3 Wrong Believes About Your Relationship With Money

3 Wrong Believes About Your Relationship With Money

As we think about money and our relationship with it, it is important that we face some salient truth about our relationships with money.

I will discuss 3 aspects of our relationship with money and how such knowledge can improve the relationship.

  1. You are not a rational decision maker when it has to do with money
  2. You are not rich: I will say you rich, your environment only made you poor
  3. Money must be worked for

You are not a rational decision maker when it has to do with money

That statement seems unbelievable until you discover it to be true yourself.

When you go out to buy a something, you will negotiate the last Naira out of every purchases. But not quite on all purchases.

Buying something of N250, you can spend another 30 mins negotiating for a price reduction by a mare N20.

However, while buying something of N250,000, you tend to let go of as much as much N10k. You ordinarily will just feel it is okay.

That’s rational right? No.

How does knowing this help you? I am calling it out here to bring your consciousness to it so you can reverse your order of thinking. When you are buying the item of N250k next, check comparable price, both online and offline before making the purchase. You will save more doing that than squeezing every N20 out of your N250 purchases.

When it comes to money, rationality isn’t cheap.

You are not rich: I will say you rich, your environment only made you poor

Nassim Taleb in the book Fooled by Randomness recalled the story of a couple – Marc and Janet.

March works as a corporate lawyer in New York city and earns $500k/month. They live in a high end neighborhood but cannot live up to the standard of the neighborhood.

Marc’s decision to live in the high end neighborhood may be justifiable though. The demands of his work means he has to live close to his office.

Nassim Taleb said:

But the costs on his wife, Janet, are monstrous. Why? Because of their relative nonsuccess—as geographically defined by their neighborhood. Every month or so, Janet has a crisis, giving in to the strains and humiliations of being snubbed by some other mother at the school where she picks up the children, or another woman with larger diamonds by the elevator of the co-op where they live in the smallest type of apartments.

Why isn’t her husband so successful? Isn’t he smart and hardworking? Didn’t he get close to 1600 on the SAT? Why is this Ronald Something, whose wife never even nods to Janet, worth hundreds of millions, when her husband went to Harvard and Yale and has such a high IQ and has hardly any substantial savings?

Marc and Janet’s case provides a very common illustration of the emotional effect of survivorship bias. Janet feels that her husband is a failure, by comparison, but she is miscomputing the probabilities in a gross manner—she is using the wrong distribution to derive a rank. As compared to the general U.S. population, Marc has done very well, better than 99.5% of his compatriots. As compared to his high school friends, he did extremely well, a fact that he could have verified had he had time to attend the periodic reunions, and he would come at the top. As compared to the other people at Harvard, he did better than 90% of them (financially, of course). As compared to his law school comrades at Yale, he did better than 60% of them. But as compared to his neighbors, he is at the bottom! Why?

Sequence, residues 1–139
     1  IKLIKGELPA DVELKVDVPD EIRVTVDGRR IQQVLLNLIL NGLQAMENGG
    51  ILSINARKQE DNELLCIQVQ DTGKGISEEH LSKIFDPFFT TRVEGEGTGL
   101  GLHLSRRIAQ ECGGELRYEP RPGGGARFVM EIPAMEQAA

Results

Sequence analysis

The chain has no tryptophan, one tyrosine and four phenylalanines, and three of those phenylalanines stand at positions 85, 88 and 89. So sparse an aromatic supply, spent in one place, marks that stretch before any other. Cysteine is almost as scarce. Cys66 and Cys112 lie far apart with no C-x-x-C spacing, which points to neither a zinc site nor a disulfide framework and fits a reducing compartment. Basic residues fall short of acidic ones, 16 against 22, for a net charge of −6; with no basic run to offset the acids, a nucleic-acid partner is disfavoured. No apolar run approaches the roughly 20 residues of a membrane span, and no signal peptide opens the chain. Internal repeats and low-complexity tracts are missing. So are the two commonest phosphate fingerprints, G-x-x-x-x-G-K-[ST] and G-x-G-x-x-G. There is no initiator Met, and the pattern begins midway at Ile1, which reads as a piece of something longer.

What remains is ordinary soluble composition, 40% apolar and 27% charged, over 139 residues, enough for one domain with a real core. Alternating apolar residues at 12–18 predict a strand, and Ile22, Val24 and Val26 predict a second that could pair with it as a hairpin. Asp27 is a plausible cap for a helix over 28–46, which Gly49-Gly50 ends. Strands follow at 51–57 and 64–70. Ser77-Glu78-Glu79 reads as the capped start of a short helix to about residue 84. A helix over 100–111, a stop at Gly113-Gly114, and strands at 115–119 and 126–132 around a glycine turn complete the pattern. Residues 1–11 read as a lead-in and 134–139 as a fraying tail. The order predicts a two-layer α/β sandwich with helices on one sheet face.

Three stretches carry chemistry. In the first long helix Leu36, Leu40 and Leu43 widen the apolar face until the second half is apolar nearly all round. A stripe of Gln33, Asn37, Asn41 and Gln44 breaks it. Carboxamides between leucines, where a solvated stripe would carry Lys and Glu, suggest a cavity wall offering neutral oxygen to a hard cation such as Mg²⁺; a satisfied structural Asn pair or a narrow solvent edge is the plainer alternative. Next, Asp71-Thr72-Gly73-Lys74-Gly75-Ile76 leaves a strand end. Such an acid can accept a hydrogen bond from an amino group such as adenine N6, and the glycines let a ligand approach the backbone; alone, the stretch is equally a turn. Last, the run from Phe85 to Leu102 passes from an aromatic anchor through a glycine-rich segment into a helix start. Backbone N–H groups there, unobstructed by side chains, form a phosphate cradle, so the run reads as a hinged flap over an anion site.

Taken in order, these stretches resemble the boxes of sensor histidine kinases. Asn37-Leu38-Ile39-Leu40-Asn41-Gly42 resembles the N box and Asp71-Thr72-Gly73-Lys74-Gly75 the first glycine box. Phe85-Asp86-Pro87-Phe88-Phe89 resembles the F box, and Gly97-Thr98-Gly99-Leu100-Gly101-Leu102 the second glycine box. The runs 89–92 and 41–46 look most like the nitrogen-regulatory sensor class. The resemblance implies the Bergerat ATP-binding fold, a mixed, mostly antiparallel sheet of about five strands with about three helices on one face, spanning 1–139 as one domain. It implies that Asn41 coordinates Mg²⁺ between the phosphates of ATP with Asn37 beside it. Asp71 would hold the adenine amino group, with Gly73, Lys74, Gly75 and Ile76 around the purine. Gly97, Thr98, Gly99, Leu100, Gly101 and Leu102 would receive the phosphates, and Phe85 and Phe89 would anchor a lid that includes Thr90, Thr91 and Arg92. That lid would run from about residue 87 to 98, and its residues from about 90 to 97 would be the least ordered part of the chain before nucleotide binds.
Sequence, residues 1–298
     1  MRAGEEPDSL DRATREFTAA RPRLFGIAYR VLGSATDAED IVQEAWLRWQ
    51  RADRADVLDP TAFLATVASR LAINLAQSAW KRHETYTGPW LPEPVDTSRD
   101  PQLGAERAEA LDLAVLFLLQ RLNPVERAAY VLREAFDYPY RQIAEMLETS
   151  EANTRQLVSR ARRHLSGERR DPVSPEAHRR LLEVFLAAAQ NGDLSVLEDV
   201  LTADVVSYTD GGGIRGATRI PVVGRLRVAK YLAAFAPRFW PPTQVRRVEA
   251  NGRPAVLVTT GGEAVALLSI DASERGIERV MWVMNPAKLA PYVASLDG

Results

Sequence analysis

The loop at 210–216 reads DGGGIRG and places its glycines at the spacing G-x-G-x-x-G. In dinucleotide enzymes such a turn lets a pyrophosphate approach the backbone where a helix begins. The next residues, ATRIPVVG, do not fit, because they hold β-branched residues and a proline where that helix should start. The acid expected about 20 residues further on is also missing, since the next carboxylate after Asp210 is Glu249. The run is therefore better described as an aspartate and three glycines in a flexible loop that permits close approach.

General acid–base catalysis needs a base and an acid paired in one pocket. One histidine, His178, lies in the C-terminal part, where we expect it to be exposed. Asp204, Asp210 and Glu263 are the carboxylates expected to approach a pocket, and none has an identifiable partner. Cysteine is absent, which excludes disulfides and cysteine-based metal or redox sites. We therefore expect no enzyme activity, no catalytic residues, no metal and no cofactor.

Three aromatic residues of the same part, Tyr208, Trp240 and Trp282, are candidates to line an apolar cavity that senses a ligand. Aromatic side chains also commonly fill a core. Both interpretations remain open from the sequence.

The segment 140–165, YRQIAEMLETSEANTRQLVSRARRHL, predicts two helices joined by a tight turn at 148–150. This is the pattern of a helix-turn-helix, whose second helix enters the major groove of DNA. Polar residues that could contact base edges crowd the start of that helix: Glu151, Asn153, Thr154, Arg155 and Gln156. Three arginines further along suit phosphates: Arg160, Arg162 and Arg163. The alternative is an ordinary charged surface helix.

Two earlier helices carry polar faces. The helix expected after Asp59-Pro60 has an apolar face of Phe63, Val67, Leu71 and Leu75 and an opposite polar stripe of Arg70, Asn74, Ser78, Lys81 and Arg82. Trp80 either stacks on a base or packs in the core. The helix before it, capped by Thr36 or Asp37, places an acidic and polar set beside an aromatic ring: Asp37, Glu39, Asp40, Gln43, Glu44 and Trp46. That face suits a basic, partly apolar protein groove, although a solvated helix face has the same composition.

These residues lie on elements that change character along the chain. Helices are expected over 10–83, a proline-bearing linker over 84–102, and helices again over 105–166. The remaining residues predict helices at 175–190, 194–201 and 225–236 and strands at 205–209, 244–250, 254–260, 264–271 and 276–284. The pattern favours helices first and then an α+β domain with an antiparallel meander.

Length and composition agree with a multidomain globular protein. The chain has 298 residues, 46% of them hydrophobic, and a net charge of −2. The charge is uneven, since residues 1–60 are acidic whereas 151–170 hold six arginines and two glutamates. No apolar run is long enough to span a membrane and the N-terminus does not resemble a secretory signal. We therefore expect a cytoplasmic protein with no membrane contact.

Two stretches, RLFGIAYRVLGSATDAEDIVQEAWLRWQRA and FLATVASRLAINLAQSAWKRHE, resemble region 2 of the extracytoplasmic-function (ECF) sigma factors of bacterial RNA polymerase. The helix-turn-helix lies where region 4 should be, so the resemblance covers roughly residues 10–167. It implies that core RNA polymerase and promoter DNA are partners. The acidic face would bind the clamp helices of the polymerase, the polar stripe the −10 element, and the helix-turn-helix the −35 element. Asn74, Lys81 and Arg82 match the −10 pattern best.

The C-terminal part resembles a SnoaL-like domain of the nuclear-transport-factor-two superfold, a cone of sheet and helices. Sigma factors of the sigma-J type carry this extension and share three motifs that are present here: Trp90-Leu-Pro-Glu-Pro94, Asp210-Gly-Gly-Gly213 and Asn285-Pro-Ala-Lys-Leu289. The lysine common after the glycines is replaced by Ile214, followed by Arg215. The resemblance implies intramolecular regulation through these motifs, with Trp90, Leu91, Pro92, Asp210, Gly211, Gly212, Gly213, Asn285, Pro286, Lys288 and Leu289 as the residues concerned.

Because he chose to live among the people who have been successful, in an area that excludes failure. In other words, those who have failed do not show up in the sample, thus making him look as if he were not doing well at all.

I hope you get the message now. You are rich. You are only living in the wrong environment or you are comparing using a wrong sample size.

Money must be worked for

Another misconception about money is that you must work for it, work to make it and work to have it.

While that might be true up to some level, you need to work towards a stage in life when money starts to work for you.

For money to work for you, you need to start accumulating assets that generates cash with or without you.

The assets are such that all they required from you is your initial capital (money and/or time). Once you pay such price, you can earn money on them for life.

An example might be

  1. Someone who puts a N100m in a fixed income asset that pays a 10% interest per annum. Such will get N10m every year and that might be enough to cover all living expenses.
  2. Someone who creates a digital product that people want to buy and that s/he sells every now and then. You create such digital products once and you earn on it for life.
  3. Someone might also build a business that can exist without her or him and that pays dividend yearly for his upkeep.
  4. Someone might also invest such money in the stock market in companies that pays dividend.

Basically, options abound for you to make money work for you.

Fixing those wrong believes has improved my relationship with money and I really hope it will improve yours as well.

This is a content from my paid personal finance community

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